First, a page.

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Mary Catherine Aime

Botany and Plant Pathology 

  • Associate Professor
Lilly Hall Room 1-335

Dr. Aime earned her bachelor’s, master’s, and doctoral degrees in biology from Virginia Polytechnic Institute and State University. She did postdoctoral research at the University of Oxford in the United Kingdom. She moved back to the U.S. to work as a research molecular biologist with the USDA-ARS, Systematic Botany and Mycology Lab. She later joined the faculty at Louisiana State University in plant pathology and crop physiology. Cathie’s primary area of research focuses on the systematics, evolution and biology of rust fungi. These fungi are all obligate plant pathogens, many of which cause major diseases in crop plants. Cathie is the director of the Arthur and Kriebel Herbaria. She is also teaching a class titled “The Microbial World.”

Awards & Honors

(2012) Fellow. Mycological Society of America.

Selected Publications

Toome, M., Ohm, R. A., Riley, R. W., James, T. Y., Lazarus, K. L., Henrissant, B., . . . Aime, M. C. (2014). Genome sequencing provides insight into the reproductive biology, nutritional mode, and ploidy of the fern pathogen Mixia osmundae. New Phytologist, 202, 554-564. Retrieved from http://DOI: 10.1111/nph.12653

Lodge, D. J., Padamsee, M., Matheny, P. B., Aime, M. C., Cantrell, S., Boertmann, D., . . . Hattori, T. (2014). Molecular phylogeny, morphology, pigment chemistry and ecology in Hygrophoraceae (Agaricales). Fungal Diversity, 64, 1-99.

Henkel, T. W., Wilson, A. W., Aime, M. C., Dierks, J., Uehling, J. K., Roy, M., . . . Mueller, G. M. (in press). Cantharellaceae of Guyana II. New species of Craterellus, new distribution records for Cantherellus guyanensis Mont. And Craterellus excelsus TW Henkel & Aime, and key to the Neotropical taxa. Mycologia.

Olatinwo, R., Allison, J., Meeker, J., Johnson, W., Streett, D., Aime, M. C., & Carlton, C. (2013). Detection and identification of Amylostereum areolatum(Russulales: Amylostereaceae) in the mycangia of Sirex nigricornis (Hymenoptera: Siricidae) in central Louisiana. Environmental Entomology, 42(6), 1246-1256.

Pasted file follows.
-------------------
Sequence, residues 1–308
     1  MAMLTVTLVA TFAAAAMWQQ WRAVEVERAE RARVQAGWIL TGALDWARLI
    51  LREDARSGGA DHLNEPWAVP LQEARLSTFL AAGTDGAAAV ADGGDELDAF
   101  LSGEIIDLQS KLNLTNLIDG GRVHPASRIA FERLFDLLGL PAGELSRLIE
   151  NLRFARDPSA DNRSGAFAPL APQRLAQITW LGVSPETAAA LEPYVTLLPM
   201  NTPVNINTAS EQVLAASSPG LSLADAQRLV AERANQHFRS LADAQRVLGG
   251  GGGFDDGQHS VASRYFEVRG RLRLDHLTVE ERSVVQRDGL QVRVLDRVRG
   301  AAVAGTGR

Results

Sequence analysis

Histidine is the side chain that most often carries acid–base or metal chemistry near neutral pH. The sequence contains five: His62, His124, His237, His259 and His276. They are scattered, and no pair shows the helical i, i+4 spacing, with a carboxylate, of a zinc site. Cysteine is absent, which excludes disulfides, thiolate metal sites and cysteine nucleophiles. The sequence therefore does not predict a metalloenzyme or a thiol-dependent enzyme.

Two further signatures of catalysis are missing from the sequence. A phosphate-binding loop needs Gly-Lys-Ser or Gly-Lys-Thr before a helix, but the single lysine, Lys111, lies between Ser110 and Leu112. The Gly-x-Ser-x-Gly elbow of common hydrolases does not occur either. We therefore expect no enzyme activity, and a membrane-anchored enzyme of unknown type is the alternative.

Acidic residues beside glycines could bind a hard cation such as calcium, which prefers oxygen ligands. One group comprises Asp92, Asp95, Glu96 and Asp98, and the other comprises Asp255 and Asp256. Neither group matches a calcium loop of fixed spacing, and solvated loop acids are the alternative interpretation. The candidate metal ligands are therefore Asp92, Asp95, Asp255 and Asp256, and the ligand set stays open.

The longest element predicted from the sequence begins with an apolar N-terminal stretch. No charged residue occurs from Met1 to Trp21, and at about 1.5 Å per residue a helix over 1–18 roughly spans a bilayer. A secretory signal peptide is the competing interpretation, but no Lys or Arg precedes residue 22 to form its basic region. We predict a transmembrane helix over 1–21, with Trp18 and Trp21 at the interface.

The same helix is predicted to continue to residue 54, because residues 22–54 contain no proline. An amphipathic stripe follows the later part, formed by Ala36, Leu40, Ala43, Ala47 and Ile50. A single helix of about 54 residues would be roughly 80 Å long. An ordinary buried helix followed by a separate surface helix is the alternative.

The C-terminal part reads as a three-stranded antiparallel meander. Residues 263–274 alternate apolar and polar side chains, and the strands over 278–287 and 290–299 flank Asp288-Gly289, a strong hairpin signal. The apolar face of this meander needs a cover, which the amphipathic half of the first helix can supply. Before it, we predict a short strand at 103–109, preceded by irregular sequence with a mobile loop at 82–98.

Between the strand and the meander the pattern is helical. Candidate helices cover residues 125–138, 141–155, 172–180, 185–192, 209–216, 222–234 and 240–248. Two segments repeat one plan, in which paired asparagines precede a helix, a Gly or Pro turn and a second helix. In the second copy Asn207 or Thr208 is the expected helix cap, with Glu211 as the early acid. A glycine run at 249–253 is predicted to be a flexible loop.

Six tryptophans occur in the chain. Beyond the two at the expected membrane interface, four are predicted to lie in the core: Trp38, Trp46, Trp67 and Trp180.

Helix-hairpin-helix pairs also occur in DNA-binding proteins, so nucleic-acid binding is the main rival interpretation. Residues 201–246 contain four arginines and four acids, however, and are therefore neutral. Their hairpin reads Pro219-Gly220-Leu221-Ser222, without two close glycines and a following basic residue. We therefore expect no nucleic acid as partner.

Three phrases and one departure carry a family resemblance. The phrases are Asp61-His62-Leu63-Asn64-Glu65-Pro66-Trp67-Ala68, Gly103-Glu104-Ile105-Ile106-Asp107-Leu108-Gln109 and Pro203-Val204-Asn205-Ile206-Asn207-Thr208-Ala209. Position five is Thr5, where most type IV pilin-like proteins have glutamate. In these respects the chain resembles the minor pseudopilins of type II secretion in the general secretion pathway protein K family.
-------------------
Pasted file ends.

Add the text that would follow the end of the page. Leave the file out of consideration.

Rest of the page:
Rush, T. A., & Aime, M. C. (2013). The genus Meira: phylogenetic placement and description of a new species. Antonie van Leeuwenhoek, 103, 1097-1106.

Toome, M., Roberson, R., & Aime, M. C. (2013). Meredithblackwellia eburnea gen. et sp. nov., Kriegeriaceae fam. nov. and Kriegeriales ord. nov – toward resolving higher-level classification in Microbotryomycetes. Mycologia, 105(2), 486-495.

Padamsee, M., Kumar, T. K. A., Riley, R., Binder, M., Boyd, A., Calvo, A. M., . . . Aime, M. C. (2012). The genome of the xerotolerant mold Wallemia sebi reveals adaptations to osmotic stress and suggests cryptic sexual reproduction. Fungal Genetics and Biology, 49, 217–226.

Schoch, C. L., Seifert, K. A., Huhndorf, S., Spouge, J. L., Robert, V., Bolchacova, E., . . . Schindel, D. (2012). The internal transcribed spacer as a universal DNA barcode marker for Fungi. Proceedings of the National Academy of Science, USA, 109, 6241–6246.

Henkel, T. W., Aime, M. C., Chen, M. M. L., Miller, S. L., Vilgalys, R., & Smith, M. E. (2012). Ectomycorrhizal fungal sporocarp diversity and discovery of new taxa in Dicymbe monodominant forests of the Guiana Shield. Biodiversity and Conservation, 21, 2195-2220.

Busby, P. E., Aime, M. C., & Newcombe, G. (2012). Foliar pathogens of Populus angustifolia are consistent with a hypothesis of Beringian migration into North America. Fungal Biology, 116, 792-801.